Site Guide

The DVDwolf Forum
What's New?
New In Theatres
New to DVD
Film Books
Recent Reviews
Comic Book Movies
A.F.I. Lists
British Pages
Women In Film
Top Ten Film Lists

[ A | B | C | D | E | F | G | H | I | J | K | L | M | N | O | P | Q | R | S | T | U | V | W | X | Y | Z ]

Please note, prices listed are subject to change at the whim of the vendor. If you see a price different from our site to the one's listed, please let us know.
Amazon (US$)
DVD Empire (US$)
CD Now (US$)
DVD Express (US$)
Videoflicks (US$)
13 Ghosts
13 Ghosts (Soundtrack)
13 Ghosts - The ORIGINAL 1960 Version

13 Ghosts 13 Ghosts Review

Directed By: Steve Beck
Starring: F. Murray Abraham, Tony Shalhoub and Shannon Elizabeth, Matthew Lillard.

Brief history lesson before the true if you must, skip on down about three paragraphs. Now for those of you staying...a) Thank you and B) Thirteen Ghosts is a remake of a 1960 horror film by William Castle. William Castle is the kind of guy I like hearing about in a business that often takes itself so seriously.

William Castle was a hype master who pioneered the concept of outrageous gimmickry to sell tickets (John Goodman's character Lawrence Woolsey was based on Castle).
Some quick examples: In 1958 for his film Macabre he took out insurance policies for audience members who might die of fright during the film.
For House on Haunted Hill a 1958 cult favorite and remade again in 1999, Castle rigged plastic skeletons in the theaters that flew over the audience at a certain moment in the film. The movie posters called this 'Emergo' and people returned several times for the effect, to begin pelting the skeleton with popcorn and drinks. My favourite one has to belong to his film, The Tingler (1959) where he had wired selected seats with electronic buzzers to actually send shocks into the crowd.

Now the reason for that long winded lead in was to let you in on what he used for 13 Ghosts of 1960. Upon entering people were issued a pair of glasses not unlike 3-D glasses. One lens was red and the other blue...the blue lens showed the movie as it was while watching through the red allowed the audience to see the ghosts on screen.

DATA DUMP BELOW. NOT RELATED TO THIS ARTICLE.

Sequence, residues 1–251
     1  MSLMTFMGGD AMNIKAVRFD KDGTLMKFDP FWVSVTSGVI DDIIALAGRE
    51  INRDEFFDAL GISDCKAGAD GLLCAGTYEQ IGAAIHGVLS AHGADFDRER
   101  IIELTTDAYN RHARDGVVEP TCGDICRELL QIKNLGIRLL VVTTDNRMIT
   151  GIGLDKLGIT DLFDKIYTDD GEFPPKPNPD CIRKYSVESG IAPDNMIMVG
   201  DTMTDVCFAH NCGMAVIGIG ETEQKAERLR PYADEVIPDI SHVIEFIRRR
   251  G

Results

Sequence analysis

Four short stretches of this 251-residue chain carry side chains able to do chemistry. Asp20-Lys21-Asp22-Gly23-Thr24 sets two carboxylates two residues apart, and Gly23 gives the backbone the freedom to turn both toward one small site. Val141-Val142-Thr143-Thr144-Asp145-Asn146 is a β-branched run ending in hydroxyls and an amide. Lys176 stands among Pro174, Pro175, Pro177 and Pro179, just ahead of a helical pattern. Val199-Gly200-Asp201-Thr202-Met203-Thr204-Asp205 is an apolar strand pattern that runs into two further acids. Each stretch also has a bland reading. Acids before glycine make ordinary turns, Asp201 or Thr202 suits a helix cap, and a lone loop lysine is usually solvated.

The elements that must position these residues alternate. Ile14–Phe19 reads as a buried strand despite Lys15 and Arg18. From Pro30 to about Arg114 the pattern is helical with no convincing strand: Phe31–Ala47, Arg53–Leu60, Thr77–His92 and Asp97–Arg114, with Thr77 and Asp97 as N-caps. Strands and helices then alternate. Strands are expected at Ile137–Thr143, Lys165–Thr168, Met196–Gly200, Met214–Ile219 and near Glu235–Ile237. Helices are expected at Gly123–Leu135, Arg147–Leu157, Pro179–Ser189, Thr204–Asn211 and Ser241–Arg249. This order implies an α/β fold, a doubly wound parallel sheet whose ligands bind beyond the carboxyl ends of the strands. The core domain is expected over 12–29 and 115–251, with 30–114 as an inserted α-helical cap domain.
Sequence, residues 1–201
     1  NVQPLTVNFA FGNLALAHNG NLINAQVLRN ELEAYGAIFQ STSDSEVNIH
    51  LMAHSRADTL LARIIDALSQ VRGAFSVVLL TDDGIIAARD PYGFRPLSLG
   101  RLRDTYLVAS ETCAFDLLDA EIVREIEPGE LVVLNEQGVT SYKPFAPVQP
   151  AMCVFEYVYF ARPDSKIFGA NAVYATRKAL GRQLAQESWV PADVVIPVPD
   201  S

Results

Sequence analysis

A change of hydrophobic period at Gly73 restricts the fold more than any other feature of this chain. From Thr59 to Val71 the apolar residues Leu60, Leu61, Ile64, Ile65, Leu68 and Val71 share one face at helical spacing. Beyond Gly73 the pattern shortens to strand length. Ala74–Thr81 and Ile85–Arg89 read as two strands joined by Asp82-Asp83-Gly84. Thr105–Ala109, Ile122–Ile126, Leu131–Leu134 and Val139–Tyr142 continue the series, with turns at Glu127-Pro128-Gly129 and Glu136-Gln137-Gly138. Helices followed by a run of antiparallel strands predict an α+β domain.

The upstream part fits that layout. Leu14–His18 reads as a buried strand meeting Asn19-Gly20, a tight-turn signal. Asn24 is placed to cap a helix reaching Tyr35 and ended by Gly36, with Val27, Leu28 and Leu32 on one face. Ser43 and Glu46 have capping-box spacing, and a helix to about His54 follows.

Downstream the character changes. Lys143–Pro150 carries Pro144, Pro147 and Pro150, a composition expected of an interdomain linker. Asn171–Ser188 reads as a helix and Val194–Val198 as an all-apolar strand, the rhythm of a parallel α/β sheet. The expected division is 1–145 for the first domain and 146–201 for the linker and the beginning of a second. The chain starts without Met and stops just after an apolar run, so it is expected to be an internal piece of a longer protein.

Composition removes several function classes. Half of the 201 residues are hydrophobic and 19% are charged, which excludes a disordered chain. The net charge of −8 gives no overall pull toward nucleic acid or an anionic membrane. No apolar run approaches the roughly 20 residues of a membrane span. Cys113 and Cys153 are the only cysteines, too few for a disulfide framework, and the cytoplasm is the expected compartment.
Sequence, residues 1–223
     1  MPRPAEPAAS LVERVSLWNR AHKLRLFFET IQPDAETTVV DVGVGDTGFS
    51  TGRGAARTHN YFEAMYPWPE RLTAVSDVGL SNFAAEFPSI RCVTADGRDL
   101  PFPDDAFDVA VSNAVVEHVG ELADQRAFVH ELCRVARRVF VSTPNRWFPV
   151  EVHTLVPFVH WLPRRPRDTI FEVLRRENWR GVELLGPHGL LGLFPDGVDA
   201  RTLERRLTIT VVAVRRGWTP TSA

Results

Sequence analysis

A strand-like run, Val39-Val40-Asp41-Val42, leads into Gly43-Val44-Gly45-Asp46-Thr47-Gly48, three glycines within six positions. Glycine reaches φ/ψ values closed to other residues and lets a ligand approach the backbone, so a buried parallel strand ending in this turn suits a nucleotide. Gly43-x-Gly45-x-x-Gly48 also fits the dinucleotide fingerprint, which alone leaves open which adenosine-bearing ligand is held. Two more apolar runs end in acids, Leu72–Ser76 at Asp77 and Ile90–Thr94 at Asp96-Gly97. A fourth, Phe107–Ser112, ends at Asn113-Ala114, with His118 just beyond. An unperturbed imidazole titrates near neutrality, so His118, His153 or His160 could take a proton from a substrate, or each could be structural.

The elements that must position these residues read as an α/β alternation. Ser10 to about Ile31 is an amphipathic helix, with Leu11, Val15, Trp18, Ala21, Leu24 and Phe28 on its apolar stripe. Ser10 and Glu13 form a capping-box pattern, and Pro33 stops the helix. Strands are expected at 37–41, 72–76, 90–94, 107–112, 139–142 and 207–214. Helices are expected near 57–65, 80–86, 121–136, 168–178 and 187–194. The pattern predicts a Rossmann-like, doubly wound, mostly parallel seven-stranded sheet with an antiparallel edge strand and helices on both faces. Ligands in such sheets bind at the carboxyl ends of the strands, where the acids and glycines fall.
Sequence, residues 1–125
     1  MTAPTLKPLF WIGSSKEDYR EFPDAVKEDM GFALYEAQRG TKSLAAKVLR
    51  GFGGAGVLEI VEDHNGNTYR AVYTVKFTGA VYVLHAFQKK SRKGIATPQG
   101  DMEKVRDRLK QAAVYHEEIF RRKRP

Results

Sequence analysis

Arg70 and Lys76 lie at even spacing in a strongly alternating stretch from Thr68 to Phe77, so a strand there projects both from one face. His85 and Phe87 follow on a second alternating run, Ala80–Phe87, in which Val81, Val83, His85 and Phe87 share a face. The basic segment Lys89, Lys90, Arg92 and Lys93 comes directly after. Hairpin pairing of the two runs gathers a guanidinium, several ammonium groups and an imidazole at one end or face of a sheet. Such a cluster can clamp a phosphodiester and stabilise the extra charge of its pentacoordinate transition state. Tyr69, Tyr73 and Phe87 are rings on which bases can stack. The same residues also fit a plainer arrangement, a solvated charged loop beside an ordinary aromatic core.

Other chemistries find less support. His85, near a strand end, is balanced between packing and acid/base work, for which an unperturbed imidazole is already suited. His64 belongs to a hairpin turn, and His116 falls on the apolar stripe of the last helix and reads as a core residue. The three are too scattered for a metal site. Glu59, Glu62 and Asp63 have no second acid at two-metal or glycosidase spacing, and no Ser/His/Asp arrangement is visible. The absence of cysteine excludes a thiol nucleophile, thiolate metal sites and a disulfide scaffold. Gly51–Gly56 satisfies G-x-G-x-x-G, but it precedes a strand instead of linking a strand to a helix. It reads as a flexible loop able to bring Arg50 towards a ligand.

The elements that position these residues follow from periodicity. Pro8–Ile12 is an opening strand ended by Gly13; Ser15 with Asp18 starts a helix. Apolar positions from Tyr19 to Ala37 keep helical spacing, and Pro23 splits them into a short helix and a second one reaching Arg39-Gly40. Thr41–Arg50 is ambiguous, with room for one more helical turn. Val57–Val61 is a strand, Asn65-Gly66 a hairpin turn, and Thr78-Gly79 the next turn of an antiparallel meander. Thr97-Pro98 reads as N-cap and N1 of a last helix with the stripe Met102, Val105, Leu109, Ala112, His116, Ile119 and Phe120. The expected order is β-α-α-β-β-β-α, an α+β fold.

In the re-make this device is actually a part of the plot. The characters within the film can not see the evil spectres without aid of specially designed glasses which may come off as gimmicky but does a lot towards adding suspense when a character can not see what is threatening them.

The story works fast enough to allow audiences to jump possible plot holes or inconsistencies. A family inherits a spectacular old house from an eccentric uncle. The problem is the house seems to be a machine, built on folklore and powered by the dead. Before they know it they are trapped in their new home by strangely shifting walls with only a bizarre ghost hunter (Matthew Lillard) to guide them.

The movie is a lot of special effects, running, violence and great make up on the evil spectres but the family is (despite some of the back story presented) rather annoying. Kathy (Shannon Elizabeth), Maggie (Rah Diga) are boring, self-indulgent and very unfunny characters. The humour, for the most part rarely fits into play or is just so unfunny as to draw attention to itself.

The father Arthur (played by Tony Shalhoub) seems to be the only logical character, trying to save his family from a house...bringing a parallel to his wife's death who died in a house fire he was not allowed to go enter. As for Matthew Lillard...this guy kills me. Despite his regular recurring role in Freddie Prinze movies he has done some stellar work elsewhere. If you doubt me just check out SLC Punk for a great performance and unique little movie.

Unfortunately there isn't enough of either Lillard or Shalhoub to support the movie and after about forty minutes the film treks downhill. It becomes the same scenario over and over...after all how much can you do with a family trapped in a house with ghosts other than run through the hall, have a ghostly violent encounter and repeat?

A fun little movie for awhile that plods to a rather boring ending sadly. Still great camera work, solid looking evil creatures and a really nasty death sequence for a slimy character make this, at the least, memorable.

Oh, and in case you write William Castle off as a one time shlock meister who tried to bilk little kids out of their nickel's with cheap thrills, throw this into your cranium. He also produced Orson Welle's Lady From Shanghai in 1948 and rounded his career out with Rosemary's Baby. Not bad for a man who just loved to thrill his audiences.

Copyright© Written by Staffwriter: Rob Paul

DVD Information:

Special Features
Commentary with Director, Cast and Crew
HBO First Look
Deleted Scenes with Commentary
Spook House Game

Regional Code: Region Code.1
Layers: Dual
Audio Tracks: English 5.1, French 5.1
Subtitles: Spanish, French
Closed-captioned: Yes
Ratios: Widescreen No A/R, Anamorphic,

The DVD Review:
No DVD review yet, bookmark us as we update the site daily!

Evil Ash

[ Contact Us! | | Links | ]